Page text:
Upon completion of the hearing, the Board "found numerous violations of accepted standards of medicine and each violation constituted either gross negligence or gross incompetence" such as to form the basis for the Board's revocation of Mayer's license (Matter of Paul S. Mayer, M.D., 2000 WL35364496). Revocation was deemed appropriate even though the specifications relating to Patient "C" were not sustained, "the most serious acts, those associated with patient "A", [had] happened 3 years [before their determination] and those acts associated with Patient "B" [had taken] place 5 years [before their determination]" (id.). The Board further justified license revocation by noting, "Not only did Respondent practice grossly substandard medicine, he lied about it then and he continues to lie about it today" (id.) In that regard, the Board further found:

[Mayer] refuses to admit he lied to the hospital staff about the referral of Patient A and the alleged performance of the non-existing sonogram. The Committee could be more lenient with a practitioner who, in the heat of catastrophe, makes representations that are false. Yet Respondent continues to defend the indefensible.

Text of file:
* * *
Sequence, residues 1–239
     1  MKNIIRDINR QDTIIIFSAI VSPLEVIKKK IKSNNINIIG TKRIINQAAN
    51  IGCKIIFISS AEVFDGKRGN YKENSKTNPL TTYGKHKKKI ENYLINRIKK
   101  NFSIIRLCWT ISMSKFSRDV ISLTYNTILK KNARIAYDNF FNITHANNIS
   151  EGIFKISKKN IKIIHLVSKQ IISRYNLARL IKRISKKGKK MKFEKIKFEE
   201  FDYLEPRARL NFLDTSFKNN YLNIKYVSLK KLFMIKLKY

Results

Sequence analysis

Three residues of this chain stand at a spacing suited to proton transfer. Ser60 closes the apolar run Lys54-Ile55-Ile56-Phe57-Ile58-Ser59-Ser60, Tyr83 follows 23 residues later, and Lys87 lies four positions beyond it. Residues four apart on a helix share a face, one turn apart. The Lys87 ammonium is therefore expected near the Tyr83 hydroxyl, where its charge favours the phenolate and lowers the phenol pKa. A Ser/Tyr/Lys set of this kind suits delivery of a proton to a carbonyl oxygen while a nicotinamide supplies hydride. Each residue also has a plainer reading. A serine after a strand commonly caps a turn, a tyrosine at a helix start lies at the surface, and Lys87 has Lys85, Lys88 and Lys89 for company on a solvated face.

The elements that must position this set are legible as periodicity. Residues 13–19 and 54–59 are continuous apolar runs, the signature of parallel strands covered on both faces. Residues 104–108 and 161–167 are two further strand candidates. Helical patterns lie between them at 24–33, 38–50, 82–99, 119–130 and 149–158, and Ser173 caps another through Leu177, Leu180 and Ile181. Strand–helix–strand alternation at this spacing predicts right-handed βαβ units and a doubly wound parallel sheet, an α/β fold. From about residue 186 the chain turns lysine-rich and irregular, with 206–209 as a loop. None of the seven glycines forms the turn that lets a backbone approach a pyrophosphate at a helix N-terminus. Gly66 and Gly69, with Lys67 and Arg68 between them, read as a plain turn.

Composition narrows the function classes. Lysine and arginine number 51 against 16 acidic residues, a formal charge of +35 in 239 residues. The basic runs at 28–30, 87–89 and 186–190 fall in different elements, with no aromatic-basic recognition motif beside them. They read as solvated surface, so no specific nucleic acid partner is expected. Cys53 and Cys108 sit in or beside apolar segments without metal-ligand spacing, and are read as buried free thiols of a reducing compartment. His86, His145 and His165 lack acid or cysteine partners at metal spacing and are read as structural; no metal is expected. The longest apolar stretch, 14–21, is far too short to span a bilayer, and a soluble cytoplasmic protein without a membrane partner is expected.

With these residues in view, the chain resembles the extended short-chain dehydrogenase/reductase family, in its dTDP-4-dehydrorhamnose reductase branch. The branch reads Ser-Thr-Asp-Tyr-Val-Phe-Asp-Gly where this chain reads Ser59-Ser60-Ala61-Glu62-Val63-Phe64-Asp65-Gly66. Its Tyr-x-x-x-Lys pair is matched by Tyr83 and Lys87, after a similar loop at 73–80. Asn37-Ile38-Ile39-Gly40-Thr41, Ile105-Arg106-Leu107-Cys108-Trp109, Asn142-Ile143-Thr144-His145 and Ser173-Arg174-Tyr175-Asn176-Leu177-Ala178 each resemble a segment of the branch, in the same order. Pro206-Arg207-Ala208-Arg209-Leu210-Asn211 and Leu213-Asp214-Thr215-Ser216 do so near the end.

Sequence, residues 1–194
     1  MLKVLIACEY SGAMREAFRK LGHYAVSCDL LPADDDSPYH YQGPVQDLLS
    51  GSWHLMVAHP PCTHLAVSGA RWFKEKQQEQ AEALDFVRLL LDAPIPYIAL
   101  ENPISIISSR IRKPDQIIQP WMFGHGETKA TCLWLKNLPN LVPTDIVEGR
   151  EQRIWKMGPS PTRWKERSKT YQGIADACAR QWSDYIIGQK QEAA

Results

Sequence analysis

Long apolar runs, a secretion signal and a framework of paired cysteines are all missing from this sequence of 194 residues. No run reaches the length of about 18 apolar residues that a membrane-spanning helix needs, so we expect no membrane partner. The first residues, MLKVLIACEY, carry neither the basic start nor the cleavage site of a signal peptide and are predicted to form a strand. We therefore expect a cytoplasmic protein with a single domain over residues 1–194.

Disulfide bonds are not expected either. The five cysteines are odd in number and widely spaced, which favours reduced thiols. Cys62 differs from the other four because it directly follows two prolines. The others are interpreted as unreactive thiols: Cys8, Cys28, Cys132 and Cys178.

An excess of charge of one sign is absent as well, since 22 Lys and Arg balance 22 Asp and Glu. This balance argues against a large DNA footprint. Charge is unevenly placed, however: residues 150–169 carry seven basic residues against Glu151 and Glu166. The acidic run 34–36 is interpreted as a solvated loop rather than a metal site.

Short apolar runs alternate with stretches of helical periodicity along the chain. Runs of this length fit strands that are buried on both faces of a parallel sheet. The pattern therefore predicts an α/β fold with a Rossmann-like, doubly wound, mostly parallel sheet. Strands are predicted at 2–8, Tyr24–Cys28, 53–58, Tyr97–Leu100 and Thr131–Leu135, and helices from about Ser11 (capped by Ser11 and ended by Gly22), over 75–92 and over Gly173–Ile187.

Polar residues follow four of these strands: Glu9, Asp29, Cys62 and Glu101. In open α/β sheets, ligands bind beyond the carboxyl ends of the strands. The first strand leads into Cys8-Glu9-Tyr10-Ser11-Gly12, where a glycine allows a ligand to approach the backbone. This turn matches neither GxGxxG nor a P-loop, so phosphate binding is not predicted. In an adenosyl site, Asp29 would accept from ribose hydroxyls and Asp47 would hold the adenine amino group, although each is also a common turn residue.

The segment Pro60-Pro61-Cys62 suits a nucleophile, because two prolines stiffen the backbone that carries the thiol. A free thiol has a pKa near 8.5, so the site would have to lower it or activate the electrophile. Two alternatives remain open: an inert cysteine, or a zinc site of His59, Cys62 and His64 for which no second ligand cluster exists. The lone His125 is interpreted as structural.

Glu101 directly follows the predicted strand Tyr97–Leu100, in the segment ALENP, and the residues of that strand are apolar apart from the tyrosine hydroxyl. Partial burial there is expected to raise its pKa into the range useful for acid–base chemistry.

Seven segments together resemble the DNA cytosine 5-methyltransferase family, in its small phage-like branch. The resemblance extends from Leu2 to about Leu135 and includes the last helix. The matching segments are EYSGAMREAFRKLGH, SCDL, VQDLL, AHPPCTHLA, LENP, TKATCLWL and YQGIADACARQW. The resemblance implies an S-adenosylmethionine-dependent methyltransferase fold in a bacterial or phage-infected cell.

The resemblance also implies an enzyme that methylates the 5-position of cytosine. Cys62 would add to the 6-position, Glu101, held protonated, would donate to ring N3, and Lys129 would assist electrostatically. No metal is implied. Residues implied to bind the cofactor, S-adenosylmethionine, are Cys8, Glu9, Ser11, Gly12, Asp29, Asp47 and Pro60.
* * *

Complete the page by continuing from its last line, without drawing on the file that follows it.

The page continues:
(Matter of Paul S. Mayer, M.D., supra).

The revocation of Mayer's medical license was temporarily stayed pending his appeal of the Board's determination to the Appellate Division, Third Department. The stay was subsequently vacated, and then reinstated. By decision dated November 29, 2001, the Appellate Division, Third Department, reversed and annulled the Board's determination (see, Matter of Mayer v. Novello, 288 AD2d 780 [3rd Dept., 2001][determination annulled due to improperly constituted hearing committee; remitted for a new hearing before a properly constituted one]) and remitted the matter for a de novo hearing. Following an appeal of the Appellate Division determination, the Court of Appeals reversed and remitted the action to the Appellate Division to consider the balance of the issues initially raised on appeal (Matter of Mayer v. Novello, 99 NY2d 180 [2002]). By decision dated March 27, 2003, the Appellate Division confirmed the Board's determination revoking Mayer's medical license (Matter of Mayer v. Novello, 303 AD2d 909 [3rd Dept., 2003]).